IWA Timeline: 1962 - 1964

1962

The restored lock with an electrically operated guillotine gate was opened at Salters Lode on the Middle Level.  The Middle Level Commissioners agreed to follow this with the dredging of Well Creek.

A protest cruise was held on the Chesterfield Canal to draw attention to the poor condition of the navigation.

A wall of the Marple Aqueduct on the Peak Forest Canal collapsed and the whole structure was closed.

IWA's National Rally was held at Stourbridge to draw attention to the poor state of the Stourbridge Canal, and to oppose plans to close the waterway.  The rally was held in defiance of British Waterways' claims that the participants had no right to use the canal or to clear the obstructions to navigation.  The result was that a record number of boats attended the rally and much favourable publicity was obtained.

In June the Lower Avon was formally reopened from Tewkesbury to Evesham.

1963

An Inland Waterways Association member offered £80,000 to help restore the Upper Avon navigation.

The resoration of the Stratford-upon-Avon Canal continued at a rapid pace with the Royal Engineers and prisoners from Winston Green augmenting the regular volunteers.

The National Trust acquired the River Wey as a gift from its former owner, Mr Harry H Stevens.

The first Waterways Museum was opened at Stoke Bruerne.

IWA's National Rally was held at Little Venice at the junction of the Grand Union and Regent's canals.

1964

The "Hawton" Interim Report was published.  Entitled "The Future of the Waterways" it borrowed its name from an earlier IWA policy document, as well as some of its ideas, and although it did not (of course) meet all the aims of IWA, it did represent a major step forward.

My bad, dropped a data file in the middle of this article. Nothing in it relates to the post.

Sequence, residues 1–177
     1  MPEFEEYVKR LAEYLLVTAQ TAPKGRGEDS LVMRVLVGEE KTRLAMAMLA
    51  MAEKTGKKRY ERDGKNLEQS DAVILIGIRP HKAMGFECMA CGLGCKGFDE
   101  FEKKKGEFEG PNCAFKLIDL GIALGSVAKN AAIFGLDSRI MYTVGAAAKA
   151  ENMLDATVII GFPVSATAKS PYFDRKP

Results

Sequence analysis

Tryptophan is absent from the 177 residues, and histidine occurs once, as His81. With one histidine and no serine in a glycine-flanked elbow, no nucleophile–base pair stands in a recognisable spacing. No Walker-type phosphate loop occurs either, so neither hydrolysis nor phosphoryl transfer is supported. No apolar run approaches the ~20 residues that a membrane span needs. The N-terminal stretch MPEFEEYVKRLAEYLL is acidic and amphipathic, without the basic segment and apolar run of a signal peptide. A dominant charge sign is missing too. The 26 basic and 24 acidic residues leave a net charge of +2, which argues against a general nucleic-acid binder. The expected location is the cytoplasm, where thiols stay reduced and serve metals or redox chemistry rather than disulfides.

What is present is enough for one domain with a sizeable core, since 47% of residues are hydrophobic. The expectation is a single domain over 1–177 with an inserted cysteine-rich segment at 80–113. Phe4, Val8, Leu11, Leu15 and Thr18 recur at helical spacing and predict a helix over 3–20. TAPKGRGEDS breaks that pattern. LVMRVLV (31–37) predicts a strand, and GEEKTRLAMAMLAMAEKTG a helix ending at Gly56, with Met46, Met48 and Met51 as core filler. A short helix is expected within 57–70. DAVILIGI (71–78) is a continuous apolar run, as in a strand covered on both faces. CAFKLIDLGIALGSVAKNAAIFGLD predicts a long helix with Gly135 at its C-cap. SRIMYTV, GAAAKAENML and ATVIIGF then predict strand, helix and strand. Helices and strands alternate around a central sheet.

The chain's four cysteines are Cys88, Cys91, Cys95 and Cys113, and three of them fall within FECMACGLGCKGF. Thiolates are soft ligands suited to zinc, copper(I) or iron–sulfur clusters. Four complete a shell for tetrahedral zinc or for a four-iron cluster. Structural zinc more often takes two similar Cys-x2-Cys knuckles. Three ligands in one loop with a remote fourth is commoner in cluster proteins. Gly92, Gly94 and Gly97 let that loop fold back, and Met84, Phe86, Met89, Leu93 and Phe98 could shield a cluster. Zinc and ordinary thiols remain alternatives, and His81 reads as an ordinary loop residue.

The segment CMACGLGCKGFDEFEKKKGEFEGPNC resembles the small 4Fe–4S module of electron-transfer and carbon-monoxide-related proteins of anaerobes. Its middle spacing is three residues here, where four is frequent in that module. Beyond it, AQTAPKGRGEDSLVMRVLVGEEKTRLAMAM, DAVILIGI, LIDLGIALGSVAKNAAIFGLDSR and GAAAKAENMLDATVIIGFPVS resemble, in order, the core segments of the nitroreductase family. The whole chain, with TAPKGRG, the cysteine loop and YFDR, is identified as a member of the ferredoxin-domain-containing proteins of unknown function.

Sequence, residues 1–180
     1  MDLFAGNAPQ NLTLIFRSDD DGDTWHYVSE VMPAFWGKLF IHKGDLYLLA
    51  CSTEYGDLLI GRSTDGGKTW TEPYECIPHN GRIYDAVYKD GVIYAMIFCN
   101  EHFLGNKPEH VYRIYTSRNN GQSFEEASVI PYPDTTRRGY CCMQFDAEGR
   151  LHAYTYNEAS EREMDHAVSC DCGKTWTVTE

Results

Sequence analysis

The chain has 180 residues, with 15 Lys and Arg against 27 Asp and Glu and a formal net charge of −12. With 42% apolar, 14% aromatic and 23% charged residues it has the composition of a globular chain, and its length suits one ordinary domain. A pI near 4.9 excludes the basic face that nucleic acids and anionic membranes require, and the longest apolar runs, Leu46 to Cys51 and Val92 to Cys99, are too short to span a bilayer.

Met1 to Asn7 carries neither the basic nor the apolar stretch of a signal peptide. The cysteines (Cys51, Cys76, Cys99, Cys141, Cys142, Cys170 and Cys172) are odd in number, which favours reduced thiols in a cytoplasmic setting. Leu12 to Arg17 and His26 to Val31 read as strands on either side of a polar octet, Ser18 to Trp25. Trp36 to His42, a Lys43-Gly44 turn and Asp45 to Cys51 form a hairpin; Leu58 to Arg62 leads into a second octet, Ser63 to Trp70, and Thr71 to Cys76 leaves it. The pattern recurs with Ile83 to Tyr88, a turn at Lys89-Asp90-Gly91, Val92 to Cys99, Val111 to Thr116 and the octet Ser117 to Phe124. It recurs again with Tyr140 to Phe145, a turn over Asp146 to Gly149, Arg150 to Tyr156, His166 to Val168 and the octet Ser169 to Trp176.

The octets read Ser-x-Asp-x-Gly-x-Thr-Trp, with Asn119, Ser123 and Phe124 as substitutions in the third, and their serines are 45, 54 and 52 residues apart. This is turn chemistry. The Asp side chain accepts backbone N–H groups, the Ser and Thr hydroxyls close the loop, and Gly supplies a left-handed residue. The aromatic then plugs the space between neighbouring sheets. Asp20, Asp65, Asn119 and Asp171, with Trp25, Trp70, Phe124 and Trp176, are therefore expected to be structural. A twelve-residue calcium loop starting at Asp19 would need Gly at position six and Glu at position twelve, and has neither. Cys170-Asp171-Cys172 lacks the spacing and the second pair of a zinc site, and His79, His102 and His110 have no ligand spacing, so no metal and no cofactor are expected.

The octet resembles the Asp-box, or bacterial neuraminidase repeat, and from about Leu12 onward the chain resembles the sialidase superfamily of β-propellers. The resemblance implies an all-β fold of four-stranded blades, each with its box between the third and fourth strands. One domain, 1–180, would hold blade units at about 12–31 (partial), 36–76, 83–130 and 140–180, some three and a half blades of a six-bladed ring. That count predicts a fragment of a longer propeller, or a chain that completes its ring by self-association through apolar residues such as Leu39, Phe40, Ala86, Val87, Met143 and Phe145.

1964_stratfordLaughing Water II was the first boat to make the journey on the restored Stratford-upon-Avon Canal from Lapworth to Stratford, arriving there on 22nd February.  IWA's National Festival was at Stratford-upon-Avon to mark the reopening of the canal by HM Queen Elizabeth, the Queen Mother.  The Festival was held from 9th to 15th July, instead of the normal August time, to coincide with the royal opening.

Discussions started into the best way of restoring the Upper Avon.  On the Kennet & Avon Canal, the long standing obstruction at Bridge Street Bridge in Reading was still causing a block to craft wishing to enter the canal, but the Kennet & Avon Canal Trust, with IWA's support, started to organise restoration projects, jointly with British Waterways, using volunteer labour.

In October, Robert Aickman retired from his role as chief campaigner and editor of the Bulletin, roles he had fulfilled since the start of IWA over 18 years before.  He remained as a member of the Council and was still to contribute much to IWA over the coming years.  Captain Munk, who as Chairman had formally been responsible for administration, now took on the campaigning role as well.  Hugh McKnight became editor of the Bulletin.

The abandonment of the Derby Canal was authorised by the Ministry of Transport.  On the Aire & Calder Navigation, it was announced that new 210-ton capacity compartment boats would be used to take coal to Ferrybridge Power Station where they would be automatically lifted and tipped to unload.  The proposed route of the M6 motorway threatened navigation on the upper reaches of the Lancaster Canal.  A new Bill for the Rochdale Canal presented the prospect of closing the Rochdale nine locks in Manchester, thus destroying the route that was to become known as the Cheshire Ring.

The restoration of the Welford Branch of the Grand Union Canal was the objective of the newly formed Market Harborough Old Union Canal Society.

IWA Member John Glover launched Canal and River Monthly Review, the first magazine to be dedicated to inland waterways.